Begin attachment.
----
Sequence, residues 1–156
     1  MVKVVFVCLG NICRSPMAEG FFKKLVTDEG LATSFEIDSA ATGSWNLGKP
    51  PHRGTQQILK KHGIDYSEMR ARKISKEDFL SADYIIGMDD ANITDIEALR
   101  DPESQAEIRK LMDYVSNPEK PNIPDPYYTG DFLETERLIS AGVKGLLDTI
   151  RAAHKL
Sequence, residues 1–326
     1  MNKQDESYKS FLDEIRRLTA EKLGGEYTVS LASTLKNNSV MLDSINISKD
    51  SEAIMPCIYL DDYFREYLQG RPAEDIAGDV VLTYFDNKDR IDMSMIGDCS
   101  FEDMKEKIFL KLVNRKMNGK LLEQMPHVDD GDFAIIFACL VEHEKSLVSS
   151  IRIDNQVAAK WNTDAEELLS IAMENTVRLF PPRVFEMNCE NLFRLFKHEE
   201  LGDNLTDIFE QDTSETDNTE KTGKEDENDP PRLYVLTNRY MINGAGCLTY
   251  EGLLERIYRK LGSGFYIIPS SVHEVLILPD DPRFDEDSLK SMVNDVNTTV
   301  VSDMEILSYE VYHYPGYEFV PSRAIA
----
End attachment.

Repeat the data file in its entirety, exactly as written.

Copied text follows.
Sequence, residues 1–156
     1  MVKVVFVCLG NICRSPMAEG FFKKLVTDEG LATSFEIDSA ATGSWNLGKP
    51  PHRGTQQILK KHGIDYSEMR ARKISKEDFL SADYIIGMDD ANITDIEALR
   101  DPESQAEIRK LMDYVSNPEK PNIPDPYYTG DFLETERLIS AGVKGLLDTI
   151  RAAHKL
Sequence, residues 1–326
     1  MNKQDESYKS FLDEIRRLTA EKLGGEYTVS LASTLKNNSV MLDSINISKD
    51  SEAIMPCIYL DDYFREYLQG RPAEDIAGDV VLTYFDNKDR IDMSMIGDCS
   101  FEDMKEKIFL KLVNRKMNGK LLEQMPHVDD GDFAIIFACL VEHEKSLVSS
   151  IRIDNQVAAK WNTDAEELLS IAMENTVRLF PPRVFEMNCE NLFRLFKHEE
   201  LGDNLTDIFE QDTSETDNTE KTGKEDENDP PRLYVLTNRY MINGAGCLTY
   251  EGLLERIYRK LGSGFYIIPS SVHEVLILPD DPRFDEDSLK SMVNDVNTTV
   301  VSDMEILSYE VYHYPGYEFV PSRAIA